New enforcement powers have recently been given to the CMS which include the use of regular and lump sum deduction orders in relation to joint accounts, unlimited partnership, and sole trader accounts. The CMS can also apply for a court order to disqualify the absent parent from holding or obtaining a UK passport. These measures are not dissimilar to those available in Sweden. What these measures do not provide is the immediate payment to the custodial parent of child support.

Gingerbread says that it wants the DWP to use its resources to allow the CMS to investigate all absent parents through the HMRC to see all the payer's income and resources; and that there should be compensation, paid by the government to children and their families where the CMS have made mistakes.

This doesn't go far enough. In my view, there needs to be a fundamental change in the approach by the government. The priority should be in providing funds to children who are the most economically vulnerable. The government should then be given the role of collector for the money already paid out. An incentive that may reinvigorate a debt enforcement agency's efforts. A proper State-backed system would provide basic economic security for children with an absent parent. Any fees imposed for the use of the service on the economically most vulnerable should be scrapped. The obligation of the State to put the children's needs first or place them as its paramount concern should be axiomatic. The judicial review application is the latest attempt to try and resolve, or maybe just publicise, a system that is broken.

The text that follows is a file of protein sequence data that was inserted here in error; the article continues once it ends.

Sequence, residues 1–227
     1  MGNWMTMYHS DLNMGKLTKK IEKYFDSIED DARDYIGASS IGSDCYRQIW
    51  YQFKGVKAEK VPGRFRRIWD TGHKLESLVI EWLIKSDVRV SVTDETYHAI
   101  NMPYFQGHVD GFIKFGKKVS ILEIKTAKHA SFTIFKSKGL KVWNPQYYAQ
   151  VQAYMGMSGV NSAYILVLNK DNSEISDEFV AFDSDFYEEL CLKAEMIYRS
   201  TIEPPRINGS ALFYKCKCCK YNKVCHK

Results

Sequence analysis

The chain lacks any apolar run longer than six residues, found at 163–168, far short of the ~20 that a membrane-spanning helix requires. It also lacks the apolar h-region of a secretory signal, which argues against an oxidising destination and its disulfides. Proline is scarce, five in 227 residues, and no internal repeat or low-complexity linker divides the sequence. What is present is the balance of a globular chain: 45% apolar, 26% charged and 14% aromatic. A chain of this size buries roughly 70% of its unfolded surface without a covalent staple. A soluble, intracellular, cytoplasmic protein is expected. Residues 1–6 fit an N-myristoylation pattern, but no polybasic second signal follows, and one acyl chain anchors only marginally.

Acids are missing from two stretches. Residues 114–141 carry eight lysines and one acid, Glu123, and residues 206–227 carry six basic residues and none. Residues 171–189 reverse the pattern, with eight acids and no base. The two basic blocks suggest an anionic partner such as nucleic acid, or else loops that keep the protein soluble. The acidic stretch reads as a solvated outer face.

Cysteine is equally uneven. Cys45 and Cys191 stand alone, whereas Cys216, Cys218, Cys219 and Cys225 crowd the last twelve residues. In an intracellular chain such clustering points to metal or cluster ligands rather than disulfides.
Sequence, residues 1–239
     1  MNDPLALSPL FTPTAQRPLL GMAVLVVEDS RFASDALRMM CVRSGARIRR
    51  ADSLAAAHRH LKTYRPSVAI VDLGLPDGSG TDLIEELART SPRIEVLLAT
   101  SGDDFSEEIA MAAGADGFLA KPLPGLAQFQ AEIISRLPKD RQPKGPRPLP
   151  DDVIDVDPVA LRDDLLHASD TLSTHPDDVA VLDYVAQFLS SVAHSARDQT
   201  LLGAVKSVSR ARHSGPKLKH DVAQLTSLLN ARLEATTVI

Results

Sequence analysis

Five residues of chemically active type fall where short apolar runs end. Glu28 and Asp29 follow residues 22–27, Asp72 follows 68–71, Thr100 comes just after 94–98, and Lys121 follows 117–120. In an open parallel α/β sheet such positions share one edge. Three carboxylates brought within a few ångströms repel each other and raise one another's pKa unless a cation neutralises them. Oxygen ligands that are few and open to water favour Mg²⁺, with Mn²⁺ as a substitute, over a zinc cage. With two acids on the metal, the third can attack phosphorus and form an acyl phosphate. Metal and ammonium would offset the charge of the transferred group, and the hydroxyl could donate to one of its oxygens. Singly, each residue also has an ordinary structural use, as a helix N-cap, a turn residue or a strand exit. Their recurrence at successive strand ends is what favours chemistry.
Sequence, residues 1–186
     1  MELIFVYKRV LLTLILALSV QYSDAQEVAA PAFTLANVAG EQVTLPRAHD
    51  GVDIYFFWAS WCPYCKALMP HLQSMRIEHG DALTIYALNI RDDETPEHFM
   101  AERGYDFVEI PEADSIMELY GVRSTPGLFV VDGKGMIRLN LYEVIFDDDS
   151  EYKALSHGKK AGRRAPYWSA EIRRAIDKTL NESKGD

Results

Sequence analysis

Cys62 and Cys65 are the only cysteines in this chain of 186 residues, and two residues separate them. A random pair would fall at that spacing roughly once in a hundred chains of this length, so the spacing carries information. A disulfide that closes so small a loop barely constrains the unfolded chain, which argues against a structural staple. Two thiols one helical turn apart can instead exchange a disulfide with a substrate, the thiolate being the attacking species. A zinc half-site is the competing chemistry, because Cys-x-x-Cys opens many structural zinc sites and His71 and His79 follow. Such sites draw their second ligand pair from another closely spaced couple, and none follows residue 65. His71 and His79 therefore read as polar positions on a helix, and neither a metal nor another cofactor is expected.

1 Hakovirta, Mia & Skinner, Christine & Hiilamo & Jokela, Merita (2018). Child Poverty, child maintenance payments and interactions with social assistance benefits among lone parent families: a comparative analysis. Journal of Social Policy.
2 With £2.5 billion of Child Support Agency 'legacy debt' owed to parents, representing approximately 970,000 individual cases.
3 BEAUMONT and MASON, EU Parliament, FEMM Committee, Child maintenance systems in EU Member States from a gender perspective, 2014.
4 Garfinkel and Sorensen, Sweden's Child Support System, Social Work, 1982.